*Remark 6. *Let be a partially ordered metric space. Let be the digraph associated with the order (see [16]). One can see that Under the above observations, the (OSCL) property is reduced to the (OSC) condition.

Let be the first transfinite ordinal and let be the first uncountable transfinite ordinal. is the order type of “the set of integers” and is the order type of the set of real numbers. Note that, for each , is countable.

Proposition 7 (see [11]). *The following is valid: *(i)*The ordinal cannot be attained via sequential limits of countable ordinals. That is if is an ascending sequence of countable ordinals, then the ordinal * *is countable too.*(ii)*Each second kind countable ordinal is attainable via such sequences. In other words: if is of second kind (ordinal limit), then there exists a strictly ascending sequence of countable ordinals with property (3).*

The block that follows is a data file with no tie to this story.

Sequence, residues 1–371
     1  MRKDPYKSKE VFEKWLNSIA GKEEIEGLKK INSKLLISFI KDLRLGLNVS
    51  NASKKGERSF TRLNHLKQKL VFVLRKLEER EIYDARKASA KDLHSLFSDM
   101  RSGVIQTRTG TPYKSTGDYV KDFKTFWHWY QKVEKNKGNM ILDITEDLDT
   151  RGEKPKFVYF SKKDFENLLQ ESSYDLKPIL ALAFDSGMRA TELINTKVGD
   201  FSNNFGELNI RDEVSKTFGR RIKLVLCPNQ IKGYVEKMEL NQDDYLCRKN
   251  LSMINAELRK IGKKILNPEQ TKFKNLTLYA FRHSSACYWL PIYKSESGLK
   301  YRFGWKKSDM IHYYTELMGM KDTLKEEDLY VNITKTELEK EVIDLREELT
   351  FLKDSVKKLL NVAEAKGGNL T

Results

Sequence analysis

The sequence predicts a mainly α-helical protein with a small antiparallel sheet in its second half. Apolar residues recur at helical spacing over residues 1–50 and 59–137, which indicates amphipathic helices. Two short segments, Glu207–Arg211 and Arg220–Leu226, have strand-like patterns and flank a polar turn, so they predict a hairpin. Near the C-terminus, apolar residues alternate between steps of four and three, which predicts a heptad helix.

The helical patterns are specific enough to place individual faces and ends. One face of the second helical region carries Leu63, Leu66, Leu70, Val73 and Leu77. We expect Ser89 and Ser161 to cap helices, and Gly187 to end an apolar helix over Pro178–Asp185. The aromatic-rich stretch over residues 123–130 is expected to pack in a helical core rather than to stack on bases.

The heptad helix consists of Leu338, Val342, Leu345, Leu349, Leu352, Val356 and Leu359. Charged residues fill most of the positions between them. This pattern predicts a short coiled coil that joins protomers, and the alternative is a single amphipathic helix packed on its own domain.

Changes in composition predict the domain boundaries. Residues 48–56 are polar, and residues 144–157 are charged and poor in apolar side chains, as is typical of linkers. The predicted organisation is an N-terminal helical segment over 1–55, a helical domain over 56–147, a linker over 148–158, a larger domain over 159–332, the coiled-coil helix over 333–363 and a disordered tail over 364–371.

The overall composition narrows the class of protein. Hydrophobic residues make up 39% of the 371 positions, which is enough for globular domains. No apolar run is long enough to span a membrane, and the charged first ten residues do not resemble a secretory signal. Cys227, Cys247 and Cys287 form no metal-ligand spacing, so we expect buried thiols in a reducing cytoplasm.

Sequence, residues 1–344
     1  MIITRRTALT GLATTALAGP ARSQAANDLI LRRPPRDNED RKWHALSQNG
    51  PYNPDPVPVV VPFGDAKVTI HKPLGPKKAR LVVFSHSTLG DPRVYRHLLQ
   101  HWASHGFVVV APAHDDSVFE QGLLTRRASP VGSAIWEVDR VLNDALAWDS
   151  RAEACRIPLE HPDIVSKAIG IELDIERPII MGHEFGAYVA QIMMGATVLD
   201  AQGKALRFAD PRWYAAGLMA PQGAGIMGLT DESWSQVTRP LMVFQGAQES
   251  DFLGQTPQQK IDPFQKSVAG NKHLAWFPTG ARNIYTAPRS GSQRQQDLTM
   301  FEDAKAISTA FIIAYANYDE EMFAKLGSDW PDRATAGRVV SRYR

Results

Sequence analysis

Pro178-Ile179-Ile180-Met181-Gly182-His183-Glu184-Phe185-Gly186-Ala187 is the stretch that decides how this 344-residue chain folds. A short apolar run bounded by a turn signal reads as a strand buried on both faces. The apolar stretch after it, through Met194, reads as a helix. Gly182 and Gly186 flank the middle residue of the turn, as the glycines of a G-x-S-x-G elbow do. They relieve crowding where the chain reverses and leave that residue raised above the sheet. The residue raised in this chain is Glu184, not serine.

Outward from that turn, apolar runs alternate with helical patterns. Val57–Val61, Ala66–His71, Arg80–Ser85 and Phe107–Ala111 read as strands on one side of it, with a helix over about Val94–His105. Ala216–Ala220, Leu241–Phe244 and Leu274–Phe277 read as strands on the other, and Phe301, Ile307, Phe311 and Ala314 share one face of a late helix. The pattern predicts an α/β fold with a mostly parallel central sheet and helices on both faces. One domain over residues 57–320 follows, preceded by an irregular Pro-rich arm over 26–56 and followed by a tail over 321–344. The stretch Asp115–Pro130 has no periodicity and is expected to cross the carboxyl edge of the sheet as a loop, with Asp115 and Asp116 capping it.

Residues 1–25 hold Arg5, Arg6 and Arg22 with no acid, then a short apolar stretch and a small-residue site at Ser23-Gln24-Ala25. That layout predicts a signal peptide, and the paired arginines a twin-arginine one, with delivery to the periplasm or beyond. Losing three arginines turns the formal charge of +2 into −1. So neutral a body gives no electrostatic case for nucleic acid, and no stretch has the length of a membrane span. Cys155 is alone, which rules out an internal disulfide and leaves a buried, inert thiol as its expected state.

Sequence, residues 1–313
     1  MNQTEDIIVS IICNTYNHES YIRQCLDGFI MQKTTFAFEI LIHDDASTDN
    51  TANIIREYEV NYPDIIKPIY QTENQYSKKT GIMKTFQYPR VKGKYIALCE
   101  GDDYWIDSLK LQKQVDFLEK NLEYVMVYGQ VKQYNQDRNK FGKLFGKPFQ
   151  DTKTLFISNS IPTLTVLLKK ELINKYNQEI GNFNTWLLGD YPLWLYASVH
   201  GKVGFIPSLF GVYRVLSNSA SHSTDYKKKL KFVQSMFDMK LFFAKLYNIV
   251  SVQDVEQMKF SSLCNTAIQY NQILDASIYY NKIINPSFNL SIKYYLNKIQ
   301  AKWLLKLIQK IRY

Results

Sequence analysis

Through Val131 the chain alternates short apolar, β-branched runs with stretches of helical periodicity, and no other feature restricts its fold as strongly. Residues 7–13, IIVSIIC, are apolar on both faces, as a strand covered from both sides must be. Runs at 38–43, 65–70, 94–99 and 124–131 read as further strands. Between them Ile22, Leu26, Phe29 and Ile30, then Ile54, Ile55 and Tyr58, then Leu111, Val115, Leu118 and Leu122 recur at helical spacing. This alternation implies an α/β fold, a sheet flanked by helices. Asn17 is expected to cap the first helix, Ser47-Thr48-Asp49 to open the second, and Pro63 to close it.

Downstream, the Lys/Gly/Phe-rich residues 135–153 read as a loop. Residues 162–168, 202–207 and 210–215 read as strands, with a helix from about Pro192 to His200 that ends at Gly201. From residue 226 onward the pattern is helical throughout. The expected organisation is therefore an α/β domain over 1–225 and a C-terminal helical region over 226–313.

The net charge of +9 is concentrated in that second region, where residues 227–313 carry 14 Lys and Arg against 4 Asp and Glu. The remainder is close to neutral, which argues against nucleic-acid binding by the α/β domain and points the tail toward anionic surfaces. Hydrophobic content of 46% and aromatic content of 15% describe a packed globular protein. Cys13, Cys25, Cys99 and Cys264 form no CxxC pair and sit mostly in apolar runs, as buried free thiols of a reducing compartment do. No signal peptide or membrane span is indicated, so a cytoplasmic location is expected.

*The following result is needed throughout this work; for the proof see [18, Proposition A.6, pp. 284].*

*Proposition 8. Suppose that a sequence is bounded and either nonincreasing or nondecreasing. Then there exists such that for all .*

*We conclude this section by the following useful definitions.*

*Definition 9. *Let be metric space endowed with a digraph, and a lower semicontinuous function. Let be a self-mapping. We say the following: (1) is a -monotone if for all , (2) is a -Caristi mapping if for all , (3) is a -Kirk-Saliga mapping if for all ,

*3. Main Results*

*Theorem 10. Let be a complete metric space endowed with a reflexive digraph satisfying the (OSCL) condition. Let be a -monotone and -Kirk-Saliga mapping. If there exists an element such that , then admits a fixed point in .*